Slowly Down the Ganges
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'Slowly Down the Ganges' is seen as a vintage Newby masterpiece, alongside 'A Short Walk in the Hindu Kush' and 'Love and War in the Apennines'. Told with Newby's self-deprecating humour and wry attention to detail, this is a classic of the genre and a window into an enchanting piece of history. On his forty-forth birthday, Eric Newby sets out on an incredible journey: to travel the 1,200-mile length of India's holy river. In a misguided attempt to keep him out of trouble, Wanda, his life-long travel companion and wife, is to be his fellow boatwoman. Their plan is to begin in the great plain of Hardwar and finish in the Bay of Bengal, but the journey almost immediately becomes markedly slower and more treacherous than either had imagined - running aground sixty-three times in the first six days. Travelling in a variety of unstable boats, as well as by rail, bus and bullock cart, and resting at sandbanks and remote villages, the Newbys encounter engaging characters and glorious mishaps, including the non-existence of large-scale maps of the country, a realisation that questions of pure 'logic' cause grave offense and, on one occasion, the only person in sight for miles is an old man who is himself unsure where he is. Newby's only consolation: on a river, if you go downstream, you're sure to end up somewhere...
There was a file of camels, each with a man on its back seated on a wooden saddle. There was even an elephant with a painted head, chained, all alone at the side of the road. It was chewing grass and swishing its decorated trunk up and down, curling it delicately so that it looked like the initial letter on a page of illuminated manuscript but one that was constantly changing its shape. It was a beautiful day. The plain was a sea of sprouting wheat and barley, dotted with groves of trees that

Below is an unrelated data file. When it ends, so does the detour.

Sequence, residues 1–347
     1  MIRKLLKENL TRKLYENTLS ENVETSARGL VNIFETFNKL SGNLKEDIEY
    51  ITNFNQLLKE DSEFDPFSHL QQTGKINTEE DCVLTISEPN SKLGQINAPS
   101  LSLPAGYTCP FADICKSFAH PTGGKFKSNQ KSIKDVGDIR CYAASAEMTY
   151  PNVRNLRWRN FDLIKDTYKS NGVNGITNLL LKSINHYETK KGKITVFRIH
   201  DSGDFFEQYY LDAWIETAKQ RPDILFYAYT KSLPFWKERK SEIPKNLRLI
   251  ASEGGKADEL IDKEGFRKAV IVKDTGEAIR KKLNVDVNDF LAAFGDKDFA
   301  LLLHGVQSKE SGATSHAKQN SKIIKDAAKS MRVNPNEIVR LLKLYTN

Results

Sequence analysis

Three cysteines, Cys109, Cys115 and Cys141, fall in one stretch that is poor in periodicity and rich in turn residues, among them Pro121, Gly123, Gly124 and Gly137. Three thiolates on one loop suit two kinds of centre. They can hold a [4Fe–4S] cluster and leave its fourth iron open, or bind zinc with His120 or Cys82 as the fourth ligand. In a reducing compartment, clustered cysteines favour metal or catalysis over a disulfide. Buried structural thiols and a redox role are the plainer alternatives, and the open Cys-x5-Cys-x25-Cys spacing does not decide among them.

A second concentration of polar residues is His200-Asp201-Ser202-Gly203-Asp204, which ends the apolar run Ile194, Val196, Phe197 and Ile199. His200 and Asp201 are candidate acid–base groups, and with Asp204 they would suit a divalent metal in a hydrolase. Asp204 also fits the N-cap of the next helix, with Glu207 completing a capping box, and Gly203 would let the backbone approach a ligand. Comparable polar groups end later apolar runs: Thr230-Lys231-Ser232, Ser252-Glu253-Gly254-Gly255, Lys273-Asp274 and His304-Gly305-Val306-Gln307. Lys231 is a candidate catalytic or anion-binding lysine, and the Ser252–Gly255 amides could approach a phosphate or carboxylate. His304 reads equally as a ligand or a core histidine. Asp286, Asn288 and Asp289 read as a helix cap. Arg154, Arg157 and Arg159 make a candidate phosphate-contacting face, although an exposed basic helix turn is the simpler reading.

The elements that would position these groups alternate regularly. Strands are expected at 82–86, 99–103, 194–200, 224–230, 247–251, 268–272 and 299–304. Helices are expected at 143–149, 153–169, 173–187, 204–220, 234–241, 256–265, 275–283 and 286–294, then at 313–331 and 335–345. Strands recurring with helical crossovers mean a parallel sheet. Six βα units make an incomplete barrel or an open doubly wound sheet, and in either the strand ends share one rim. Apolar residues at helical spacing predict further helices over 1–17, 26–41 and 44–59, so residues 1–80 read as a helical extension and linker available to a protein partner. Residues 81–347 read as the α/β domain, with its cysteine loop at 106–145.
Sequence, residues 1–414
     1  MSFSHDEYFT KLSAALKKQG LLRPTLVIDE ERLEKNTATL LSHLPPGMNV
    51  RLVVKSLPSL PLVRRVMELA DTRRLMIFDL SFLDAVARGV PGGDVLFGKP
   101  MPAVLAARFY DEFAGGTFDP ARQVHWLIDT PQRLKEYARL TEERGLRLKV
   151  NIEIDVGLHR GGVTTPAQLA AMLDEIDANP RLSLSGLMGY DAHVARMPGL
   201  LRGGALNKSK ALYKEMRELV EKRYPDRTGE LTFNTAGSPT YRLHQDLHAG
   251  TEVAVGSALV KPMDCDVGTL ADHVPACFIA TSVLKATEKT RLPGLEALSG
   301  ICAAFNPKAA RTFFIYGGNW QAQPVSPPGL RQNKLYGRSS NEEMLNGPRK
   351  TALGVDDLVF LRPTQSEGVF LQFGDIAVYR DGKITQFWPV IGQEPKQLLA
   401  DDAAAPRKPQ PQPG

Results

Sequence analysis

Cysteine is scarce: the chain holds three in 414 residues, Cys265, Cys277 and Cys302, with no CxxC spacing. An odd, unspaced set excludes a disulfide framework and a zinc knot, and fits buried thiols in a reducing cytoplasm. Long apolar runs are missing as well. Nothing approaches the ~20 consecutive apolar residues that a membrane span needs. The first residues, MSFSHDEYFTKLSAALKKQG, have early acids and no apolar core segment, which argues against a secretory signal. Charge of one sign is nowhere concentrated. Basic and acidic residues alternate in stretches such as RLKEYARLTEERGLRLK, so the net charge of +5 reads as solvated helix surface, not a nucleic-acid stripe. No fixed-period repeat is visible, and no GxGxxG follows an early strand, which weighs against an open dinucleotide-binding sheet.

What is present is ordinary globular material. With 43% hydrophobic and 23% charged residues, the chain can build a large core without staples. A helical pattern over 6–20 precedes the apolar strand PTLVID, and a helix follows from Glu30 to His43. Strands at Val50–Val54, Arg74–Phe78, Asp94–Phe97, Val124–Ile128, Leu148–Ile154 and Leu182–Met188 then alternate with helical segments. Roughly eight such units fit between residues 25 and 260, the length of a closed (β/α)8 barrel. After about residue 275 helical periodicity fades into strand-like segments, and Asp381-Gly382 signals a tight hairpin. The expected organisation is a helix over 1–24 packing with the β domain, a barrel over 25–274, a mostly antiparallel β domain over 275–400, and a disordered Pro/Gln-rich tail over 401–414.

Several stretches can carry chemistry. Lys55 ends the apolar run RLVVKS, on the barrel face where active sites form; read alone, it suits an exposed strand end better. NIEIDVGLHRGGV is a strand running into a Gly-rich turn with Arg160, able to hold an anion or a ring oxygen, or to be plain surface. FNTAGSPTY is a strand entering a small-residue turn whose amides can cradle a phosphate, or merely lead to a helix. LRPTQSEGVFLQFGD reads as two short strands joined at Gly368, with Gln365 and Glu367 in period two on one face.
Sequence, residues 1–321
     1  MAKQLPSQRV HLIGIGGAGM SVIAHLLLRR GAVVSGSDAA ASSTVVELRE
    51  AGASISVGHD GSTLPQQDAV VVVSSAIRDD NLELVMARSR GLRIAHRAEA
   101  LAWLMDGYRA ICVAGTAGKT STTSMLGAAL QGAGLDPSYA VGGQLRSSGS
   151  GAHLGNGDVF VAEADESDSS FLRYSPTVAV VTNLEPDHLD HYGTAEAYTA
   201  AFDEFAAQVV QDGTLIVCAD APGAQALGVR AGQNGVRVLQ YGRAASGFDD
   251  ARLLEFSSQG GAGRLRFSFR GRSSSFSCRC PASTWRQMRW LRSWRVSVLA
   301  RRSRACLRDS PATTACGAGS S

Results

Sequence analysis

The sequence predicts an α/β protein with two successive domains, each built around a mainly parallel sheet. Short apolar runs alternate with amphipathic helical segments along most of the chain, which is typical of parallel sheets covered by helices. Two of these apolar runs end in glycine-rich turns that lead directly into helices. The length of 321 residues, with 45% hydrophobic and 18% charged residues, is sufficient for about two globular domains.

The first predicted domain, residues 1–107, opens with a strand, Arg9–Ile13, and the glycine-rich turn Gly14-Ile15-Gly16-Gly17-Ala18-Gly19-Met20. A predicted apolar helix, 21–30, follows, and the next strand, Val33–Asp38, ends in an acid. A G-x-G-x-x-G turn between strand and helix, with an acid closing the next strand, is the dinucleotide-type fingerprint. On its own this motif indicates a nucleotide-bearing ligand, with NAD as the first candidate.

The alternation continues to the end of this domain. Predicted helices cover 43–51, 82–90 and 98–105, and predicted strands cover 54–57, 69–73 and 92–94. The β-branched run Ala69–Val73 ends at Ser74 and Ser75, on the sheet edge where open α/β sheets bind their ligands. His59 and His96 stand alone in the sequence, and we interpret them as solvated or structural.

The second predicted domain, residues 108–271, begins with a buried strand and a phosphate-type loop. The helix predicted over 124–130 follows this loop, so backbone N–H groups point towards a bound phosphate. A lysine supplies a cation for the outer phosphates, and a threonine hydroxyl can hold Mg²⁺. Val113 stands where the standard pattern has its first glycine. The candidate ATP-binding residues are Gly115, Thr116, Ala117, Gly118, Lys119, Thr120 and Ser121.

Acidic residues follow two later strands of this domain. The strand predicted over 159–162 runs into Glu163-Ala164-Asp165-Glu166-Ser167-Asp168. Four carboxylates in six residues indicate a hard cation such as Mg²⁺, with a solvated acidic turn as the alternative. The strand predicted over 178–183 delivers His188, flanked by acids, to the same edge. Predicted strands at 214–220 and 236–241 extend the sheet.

had never seen so much food. ‘I am sorry,’ he said, laying his hand on his breastbone as if he was suffering from heartburn, ‘but it is against my religion.’ ‘What about the others?’ ‘It is against their religion, too.’ ‘Just because I left out the onions.’ ‘No, no, not because of the onions. I am telling you the truth. It is against the religion.’ For what seemed hours we plugged away at the Baffat; but however much we ate we seemed to make no impression on what remained. From time to time
attention of a new comer should be more particularly directed than to moderation and simplicity in his diet. A congestive, and sometimes inflammatory diathesis, with a tendency to general or local plethora, characterises the European and his diseases, for some years at least, after his arrival between the tropics. Murray’s Handbook of the Madras Presidency, 1879 Sitting in the bus we saw little of the countryside on the way from Garhmuktesar to Moradabad. In the same way as what are now
sanction which allows cows in Hindu India to do what they like, were taking liberties with passengers’ baggage. I bought a guide book from the bookseller. ‘Caution’, it said. ‘Hardwar is a dry area, therefore do not keep with you, any intoxicative article along with meat, eggs, etc. Wine, Bhang, Charas, Ganja, Opium, etc., are not allowed here! Those who are addicted to such habits can obtain from Lahksar, Rooorkee, or Dehradun, meat and aggs from Jwalapur (Pick-pockets theives and gamblers).
out of them. Drooping over the oars, half asleep, they paddled the boat down the last few miles to Mirzapur. Here, on the western outskirts of the city, the river bank was more substantial than the constructions which stood on it. The ancient houses of the merchants, who until the middle of the last century had conducted their business with conspicuous success, now hung precariously over the river in an extremity of decay. In one place what must have been a noble flight of stone steps had led